For a long time, novels, movies and TV shows have depicted the work of a police officer to be all about high speed chases, car crashes, shootouts and nonstop glamorous action. Even though working as a police officer can be quite rewarding, there is still more about this career path than meets the eye. Here are some of the effects of being a police officer that can spill over to have an effect on your social and domestic life:

  1. Hours

The man hours a police officer has to put varies extensively. This makes sense because crime and criminals do not have a 9 to 5 schedule and as such, the service they (police officers) provide is needed round the clock. This usually results in police officers having to work in shifts round the clock. The shifts can come in the form of working late nights, weekends and holidays.

Working during these “unwholesome time” can go a long way to disrupt the police officers internal clock. In addition, these hours of work can affect relationships and family life. A study that was published in the British Medical Journal in the year 2012 found shift workers are slightly more likely to suffer heart attacks and strokes as people who work regular jobs (9 to 5 jobs).

2. Socializing

You would think that only hardened criminals would hate or be apprehensive about police officers. Well, that is not usually the case. In fact, a lot of people are suspicious of police officers, irrespective of if they regularly commit crime or not.

Even though the presence of a police officer is supposed to always make you feel safe, police officer have come to realize that a lot of people tend to find them menacing or find it uncomfortable to be around them, even when they are off duty. This can go a long way to be clog in the wheel when they want to socialize with others. As a consequence, most police officers tend to socialize mainly among themselves.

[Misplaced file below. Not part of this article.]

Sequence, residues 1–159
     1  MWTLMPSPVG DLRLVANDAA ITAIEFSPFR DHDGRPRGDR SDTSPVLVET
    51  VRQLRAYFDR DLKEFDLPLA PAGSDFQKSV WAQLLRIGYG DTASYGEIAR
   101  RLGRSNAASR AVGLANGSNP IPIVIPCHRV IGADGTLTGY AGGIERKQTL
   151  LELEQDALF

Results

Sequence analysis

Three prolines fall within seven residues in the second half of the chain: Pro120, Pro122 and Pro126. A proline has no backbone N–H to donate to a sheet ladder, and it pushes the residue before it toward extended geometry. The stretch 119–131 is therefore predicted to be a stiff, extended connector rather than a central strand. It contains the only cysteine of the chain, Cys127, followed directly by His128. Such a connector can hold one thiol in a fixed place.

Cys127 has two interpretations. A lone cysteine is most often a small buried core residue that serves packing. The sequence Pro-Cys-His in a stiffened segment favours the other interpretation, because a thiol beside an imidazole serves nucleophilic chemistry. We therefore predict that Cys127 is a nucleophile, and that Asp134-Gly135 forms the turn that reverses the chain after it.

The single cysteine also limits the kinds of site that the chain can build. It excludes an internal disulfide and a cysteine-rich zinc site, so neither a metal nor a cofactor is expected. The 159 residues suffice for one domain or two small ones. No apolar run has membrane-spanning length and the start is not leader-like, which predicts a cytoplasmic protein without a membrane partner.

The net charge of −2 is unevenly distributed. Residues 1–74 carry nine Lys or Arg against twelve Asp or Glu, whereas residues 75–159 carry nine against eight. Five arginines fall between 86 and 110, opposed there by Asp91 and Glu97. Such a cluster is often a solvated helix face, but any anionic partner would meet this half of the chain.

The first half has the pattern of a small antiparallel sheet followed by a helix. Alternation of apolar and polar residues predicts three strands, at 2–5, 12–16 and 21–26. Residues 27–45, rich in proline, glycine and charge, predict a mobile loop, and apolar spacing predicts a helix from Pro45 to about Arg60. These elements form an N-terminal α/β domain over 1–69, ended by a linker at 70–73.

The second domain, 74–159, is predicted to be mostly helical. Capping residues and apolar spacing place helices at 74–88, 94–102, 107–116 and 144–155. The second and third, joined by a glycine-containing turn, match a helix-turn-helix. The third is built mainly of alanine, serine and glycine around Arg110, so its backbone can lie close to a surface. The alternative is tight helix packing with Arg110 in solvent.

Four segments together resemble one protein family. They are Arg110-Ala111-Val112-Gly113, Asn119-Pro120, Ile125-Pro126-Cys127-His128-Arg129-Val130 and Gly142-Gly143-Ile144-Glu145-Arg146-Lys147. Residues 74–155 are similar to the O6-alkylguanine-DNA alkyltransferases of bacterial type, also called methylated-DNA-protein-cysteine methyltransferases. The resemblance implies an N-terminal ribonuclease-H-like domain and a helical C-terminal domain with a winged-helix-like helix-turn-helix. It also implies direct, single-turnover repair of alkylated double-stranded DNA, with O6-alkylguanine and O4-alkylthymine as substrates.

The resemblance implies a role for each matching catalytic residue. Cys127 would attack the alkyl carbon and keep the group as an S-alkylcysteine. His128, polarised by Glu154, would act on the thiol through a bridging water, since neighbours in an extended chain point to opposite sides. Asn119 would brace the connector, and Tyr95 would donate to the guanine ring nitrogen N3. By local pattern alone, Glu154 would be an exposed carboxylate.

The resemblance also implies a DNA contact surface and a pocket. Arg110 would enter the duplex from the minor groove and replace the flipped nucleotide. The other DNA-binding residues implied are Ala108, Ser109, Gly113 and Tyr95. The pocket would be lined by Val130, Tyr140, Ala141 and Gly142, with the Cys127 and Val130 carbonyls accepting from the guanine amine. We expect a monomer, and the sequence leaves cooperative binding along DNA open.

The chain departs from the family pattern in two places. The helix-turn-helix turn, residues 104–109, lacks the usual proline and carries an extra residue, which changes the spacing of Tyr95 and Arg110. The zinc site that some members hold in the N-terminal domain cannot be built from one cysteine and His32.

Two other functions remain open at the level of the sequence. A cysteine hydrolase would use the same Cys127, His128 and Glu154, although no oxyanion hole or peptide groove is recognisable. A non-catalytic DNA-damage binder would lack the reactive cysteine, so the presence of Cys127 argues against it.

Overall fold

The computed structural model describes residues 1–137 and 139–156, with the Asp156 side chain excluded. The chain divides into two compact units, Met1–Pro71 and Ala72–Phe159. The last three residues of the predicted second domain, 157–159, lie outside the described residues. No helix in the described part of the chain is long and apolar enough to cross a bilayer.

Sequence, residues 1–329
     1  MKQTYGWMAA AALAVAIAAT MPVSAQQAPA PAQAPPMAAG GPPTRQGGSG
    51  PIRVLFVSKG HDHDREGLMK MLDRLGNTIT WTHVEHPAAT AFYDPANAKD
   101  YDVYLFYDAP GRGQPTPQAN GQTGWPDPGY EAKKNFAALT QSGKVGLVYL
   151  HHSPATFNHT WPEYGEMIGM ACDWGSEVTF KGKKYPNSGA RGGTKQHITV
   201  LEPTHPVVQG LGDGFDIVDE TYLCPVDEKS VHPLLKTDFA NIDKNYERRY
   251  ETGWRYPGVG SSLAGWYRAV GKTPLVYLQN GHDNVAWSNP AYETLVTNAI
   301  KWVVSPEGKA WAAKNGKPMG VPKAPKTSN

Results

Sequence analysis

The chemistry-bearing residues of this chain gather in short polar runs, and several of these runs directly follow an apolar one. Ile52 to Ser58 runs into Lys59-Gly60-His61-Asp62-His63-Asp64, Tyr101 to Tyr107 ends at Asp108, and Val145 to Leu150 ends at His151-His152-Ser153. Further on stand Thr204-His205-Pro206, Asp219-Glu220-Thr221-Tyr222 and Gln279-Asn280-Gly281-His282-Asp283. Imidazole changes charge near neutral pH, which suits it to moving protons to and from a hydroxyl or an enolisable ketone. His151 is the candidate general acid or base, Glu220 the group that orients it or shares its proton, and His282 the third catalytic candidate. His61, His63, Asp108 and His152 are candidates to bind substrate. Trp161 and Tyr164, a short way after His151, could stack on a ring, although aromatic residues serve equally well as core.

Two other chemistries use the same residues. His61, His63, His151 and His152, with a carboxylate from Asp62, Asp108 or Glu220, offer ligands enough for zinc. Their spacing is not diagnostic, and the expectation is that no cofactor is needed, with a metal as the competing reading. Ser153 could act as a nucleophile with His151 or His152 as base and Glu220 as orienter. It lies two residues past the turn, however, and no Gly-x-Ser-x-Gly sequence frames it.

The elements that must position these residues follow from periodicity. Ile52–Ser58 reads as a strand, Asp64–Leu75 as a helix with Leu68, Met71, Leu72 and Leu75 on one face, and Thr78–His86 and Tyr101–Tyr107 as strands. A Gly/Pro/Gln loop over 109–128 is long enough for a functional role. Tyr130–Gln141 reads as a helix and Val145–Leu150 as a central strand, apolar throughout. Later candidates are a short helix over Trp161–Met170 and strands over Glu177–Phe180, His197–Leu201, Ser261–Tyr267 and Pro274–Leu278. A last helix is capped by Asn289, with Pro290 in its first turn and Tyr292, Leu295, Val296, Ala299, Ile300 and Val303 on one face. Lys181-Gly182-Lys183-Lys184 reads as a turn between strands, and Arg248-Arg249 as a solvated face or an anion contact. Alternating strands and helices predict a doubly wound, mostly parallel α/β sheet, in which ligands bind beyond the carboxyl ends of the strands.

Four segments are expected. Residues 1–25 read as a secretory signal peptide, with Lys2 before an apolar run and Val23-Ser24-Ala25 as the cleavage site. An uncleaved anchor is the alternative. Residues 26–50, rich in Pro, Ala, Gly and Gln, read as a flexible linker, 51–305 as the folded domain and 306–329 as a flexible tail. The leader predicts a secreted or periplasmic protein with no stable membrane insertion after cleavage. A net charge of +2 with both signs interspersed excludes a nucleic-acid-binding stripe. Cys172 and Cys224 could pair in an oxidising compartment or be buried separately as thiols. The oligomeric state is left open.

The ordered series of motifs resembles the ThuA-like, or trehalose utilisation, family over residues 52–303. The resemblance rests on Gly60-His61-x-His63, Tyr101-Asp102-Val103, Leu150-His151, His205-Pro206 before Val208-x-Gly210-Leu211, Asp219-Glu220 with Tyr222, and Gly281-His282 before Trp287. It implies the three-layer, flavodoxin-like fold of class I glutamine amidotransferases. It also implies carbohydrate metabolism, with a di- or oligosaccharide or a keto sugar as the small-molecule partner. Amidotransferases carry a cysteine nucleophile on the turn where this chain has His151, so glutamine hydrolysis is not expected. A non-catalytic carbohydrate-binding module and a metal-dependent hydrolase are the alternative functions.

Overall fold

3. Murder and Suicide

A career as a police officer can be quite dangerous. In just the year 2011, 72 United States law enforcement officers were feloniously killed in the line of duty, according to the FBI. This figure is a 29 percent increase from the 56 officers who were killed in 2010 and a 75 percent increase from the figure in 2008.

This just shows that the risk involved in this line of profession is not only very real but also on the increase. This can rob a family of its breadwinner and render spouses widows/widowers and children fatherless/motherless.

Police officers are also more likely to commit suicide than the general population. The suicide rate among police officers was 17 for every 100,000 in 2010 compared to 11 for every 100,000 among the general population, according to the National Study of Police Suicides by the Badge of Life Organization.

4. Pay

According to the Bureau of Labor Statistics, Police and sheriff’s patrol officers receive an average yearly salary of about $56,260 including overtime. Even though this is more than the amount earned ($45,230) by most occupations, it is still considered to be relatively low when you factor in the hours they have to work and the inherent danger that comes with the occupation.